Once you can consistently say "Ng" try adding a long "u" to it to form "Ngu" which sounds something like "ngoo".

Lastly, add the "yen" at the end. It sounds like something between the name "Ian".

That's as close I've been able to get my American friends to say it. One friend whose name was "Ben Nguyen" trained people by saying the animal "Penguin" and changing the P to a B.

It kinda sounds like trying to say Penguin without the hard "g".

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u/HuyKexl May 08 '21

After reading through the comments, i may have found a good method, if nobody already suggested this.

Just say the words sing and win and cut the si of sing.

So singwin

Edits: minor mistakes

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u/iaowp May 08 '21

I just say hnwin.

Like almost a mumble followed by win.

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u/10thDoctorTeacher May 07 '21 edited May 08 '21

My father is a Vietnam war veteran who has often talked about visiting Vietnam to see it for the country it is, not through the eyes of that time period. He's open minded and curious about everything, including details that maybe he wasn't told during that time. I've been worried for him if he actually goes to visit, as I don't know how people feel about the veterans there (I'm a history major and understand there were a lot of problems caused by the U.S. that could lead to some understandably angry feelings). Do you have thoughts on this? Any recommendations for a 79 year old man (he doesn't look it!) to stay safe if he does decide to travel there?

Edit: I really appreciate all of the friendly advice! I had tried looking up information and there was a lot of positive stuff being said, but I honestly value individuals experiences and local opinions a lot. Thank you all, and I will encourage him to go now, and see if we can book a trip together!

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u/Bakergirl26 May 07 '21

Not OP (obviously) but I've spent a decent amount of time in Vietnam.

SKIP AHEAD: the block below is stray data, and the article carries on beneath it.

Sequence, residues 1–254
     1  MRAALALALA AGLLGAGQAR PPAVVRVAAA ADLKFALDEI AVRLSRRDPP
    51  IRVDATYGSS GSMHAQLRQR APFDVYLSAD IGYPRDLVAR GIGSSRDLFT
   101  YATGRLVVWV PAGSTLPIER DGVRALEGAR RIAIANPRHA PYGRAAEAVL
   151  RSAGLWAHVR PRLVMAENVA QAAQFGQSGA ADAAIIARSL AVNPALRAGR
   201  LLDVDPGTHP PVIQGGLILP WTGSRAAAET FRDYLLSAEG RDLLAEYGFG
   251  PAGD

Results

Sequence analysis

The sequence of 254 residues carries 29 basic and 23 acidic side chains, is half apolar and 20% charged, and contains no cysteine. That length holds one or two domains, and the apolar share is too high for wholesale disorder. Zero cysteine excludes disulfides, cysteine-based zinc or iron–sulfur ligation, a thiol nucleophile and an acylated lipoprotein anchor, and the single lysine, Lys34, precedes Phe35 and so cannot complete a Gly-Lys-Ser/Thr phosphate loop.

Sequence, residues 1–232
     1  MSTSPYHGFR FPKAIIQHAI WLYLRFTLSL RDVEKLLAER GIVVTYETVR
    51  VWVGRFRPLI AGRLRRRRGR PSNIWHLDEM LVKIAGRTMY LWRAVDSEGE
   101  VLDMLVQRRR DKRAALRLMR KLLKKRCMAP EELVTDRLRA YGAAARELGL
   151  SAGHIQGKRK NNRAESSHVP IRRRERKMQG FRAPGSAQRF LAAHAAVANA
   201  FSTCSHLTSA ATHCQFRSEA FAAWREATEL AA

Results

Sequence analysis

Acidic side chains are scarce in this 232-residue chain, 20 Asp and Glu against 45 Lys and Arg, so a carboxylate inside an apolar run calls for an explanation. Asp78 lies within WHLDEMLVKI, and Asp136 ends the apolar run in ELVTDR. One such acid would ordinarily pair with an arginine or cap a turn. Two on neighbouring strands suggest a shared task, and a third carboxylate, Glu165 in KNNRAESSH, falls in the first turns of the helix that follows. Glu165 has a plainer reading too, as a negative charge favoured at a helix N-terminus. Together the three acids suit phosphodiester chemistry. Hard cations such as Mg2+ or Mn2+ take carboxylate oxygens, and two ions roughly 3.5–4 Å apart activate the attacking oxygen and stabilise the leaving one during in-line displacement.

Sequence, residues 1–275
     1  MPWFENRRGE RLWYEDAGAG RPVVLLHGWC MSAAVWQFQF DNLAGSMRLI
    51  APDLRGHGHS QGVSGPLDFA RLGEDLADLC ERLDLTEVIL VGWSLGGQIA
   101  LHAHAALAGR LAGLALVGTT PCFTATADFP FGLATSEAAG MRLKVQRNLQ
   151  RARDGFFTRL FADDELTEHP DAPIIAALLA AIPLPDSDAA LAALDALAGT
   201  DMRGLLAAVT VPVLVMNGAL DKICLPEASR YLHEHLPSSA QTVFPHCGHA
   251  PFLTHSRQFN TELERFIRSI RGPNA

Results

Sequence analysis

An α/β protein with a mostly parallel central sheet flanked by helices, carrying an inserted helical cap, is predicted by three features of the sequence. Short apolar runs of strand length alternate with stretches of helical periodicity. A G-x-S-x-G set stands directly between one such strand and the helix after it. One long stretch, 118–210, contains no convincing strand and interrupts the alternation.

Generally speaking, your dad will be fine even if he chooses to go alone. Vietnam is generally very safe, but you have to keep your wits about you like you would in any city anywhere (don't flash lots of cash, keep an eye on your purse/wallet/passport, etc.) From what I experienced, people are much more welcoming to white Americans in the south than they are in the north. My husband and I were definitely viewed as sucker backpacker tourists for the most part in the whole country, but viewed with far more suspicion and distaste in Hanoi than Ho Chi Minh (as a history major, you can understand why)

There have been a lot of war vets who have gone back for the same reason as your dad. I saw a lot of them with their families at the War Remnants Museum in HCMC. It was the most incredibly emotional thing to see all these older men breaking down looking at the exhibits, recalling the terrible things they'd seen on their tours. It's well worth the visit, as is the whole country, and I think he'd probably get a lot out of it 50-ish years on.

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u/thedugong May 07 '21

The good thing about Vietnamese war museums is that they do not hold back on the horror of war. In the west (and Russia) it is more "look at these cool vehicles and heroic people". In Vietnam it's more "look at this devastated village and these crippled kids." Really points out how insidious propaganda really is.

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u/Bakergirl26 May 07 '21

That's something that I really appreciated. As an American, the angle taught in school is "if we didn't intervene, the whole area would have fallen!" And a lot of justification for razing villages filled with women and children and scatterbombing the entire region.

At the museum, there's captions like "After the Americans installed a puppet government..." While it's very one-sided and very pro-communist at times, I think it's important to remember that everyone loses in war, and that your side probably isn't right.

The legacy, some 50 or so years later, is that there are still plenty of kids born with deformities linked to the Agent Orange type chemical defoliants and a few hundred thousand small bombs that still explode and kill farmers and children in central VN and Laos while they're tilling or burning trash. Maybe that should be an addendum to the curriculum.